• inclusion in the brochure of prominent language disclosing that the brochure may be amended from time to time during the year, and that clients are advised periodically to check the IARD website for any changes; and
  • prompt delivery of a sticker or reprinted brochure where there has been a material change in disciplinary history
  •  
     



    This Summary, which draws from a wide range of sources, endeavors to condense important investment management regulatory news of the preceding week into one, easily digestible source. This Summary is not intended as legal advice. Readers should not act upon information contained in this Summary without professional legal counsel. This Summary may be considered advertising under the rules of the Supreme Judicial Court of Massachusetts.

    IRS CIRCULAR 230 DISCLOSURE:
    To ensure compliance with requirements imposed by the IRS, we inform you that any U.S. tax advice contained in this communication (including any attachments) is not intended or written to be used, and cannot be used, for the purpose of (i) avoiding penalties under the Internal Revenue Code or (ii) promoting, marketing or recommending to another party any transaction or matter addressed herein.

    SEC files first-ever case alleging "portfolio pumping" fraud against hedge fund manager

    June 11, 2001 9:00 AM

    In what is believed to be the first ever case alleging "portfolio pumping," the SEC recently filed securities fraud charges in the United States District Court for the Southern District of New York against an individual principal of two investment management entities, the investment management entities, and three hedge funds managed by the investment management entities. The defendants were charged with market manipulation and with fraudulently inflating and misrepresenting the value of one of the hedge funds. Among other things, the SEC charged that the principal manipulated upward the market price of the common stock of a company in which the hedge fund held an interest at the end of each month during the last five months of 2000. This conduct is commonly known as "portfolio pumping." The SEC alleges that the principal caused approximately $2.4 million in fund redemptions to be made at the inflated fund values for his and his entities’ benefit to the detriment of the fund’s other investors.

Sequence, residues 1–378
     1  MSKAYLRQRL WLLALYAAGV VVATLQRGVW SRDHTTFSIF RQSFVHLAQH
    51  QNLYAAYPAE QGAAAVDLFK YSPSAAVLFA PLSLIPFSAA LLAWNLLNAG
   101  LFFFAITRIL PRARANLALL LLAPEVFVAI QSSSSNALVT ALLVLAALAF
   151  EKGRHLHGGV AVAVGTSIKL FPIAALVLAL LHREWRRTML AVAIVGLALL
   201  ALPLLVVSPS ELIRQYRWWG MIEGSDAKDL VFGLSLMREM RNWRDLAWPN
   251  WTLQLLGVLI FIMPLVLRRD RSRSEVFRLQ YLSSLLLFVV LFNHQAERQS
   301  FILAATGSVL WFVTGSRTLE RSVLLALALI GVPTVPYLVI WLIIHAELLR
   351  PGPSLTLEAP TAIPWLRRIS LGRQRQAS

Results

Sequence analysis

The SEC's complaint alleges that, beginning in August 2000, the principal caused the month-end net asset value of the hedge fund to be fraudulently inflated in two ways:

    • The principal manipulated the month-end closing price of a small capitalization (bulletin board) company in which the hedge fund was heavily invested. The company’s common stock price was used to determine the value of the preferred stock and common stock warrants in the hedge fund’s portfolio. At the end of each month from August through December 2000, the principal and the hedge fund’s management company purchased large quantities of the company’s common stock through brokerage accounts held for the benefit of other affiliated hedge funds. The defendants’ purchases on these days accounted for 80% or more of the retail purchase volume in the company’s stock. These purchases manipulated the company’s stock price upward at the end of each month, in some cases more than doubling it.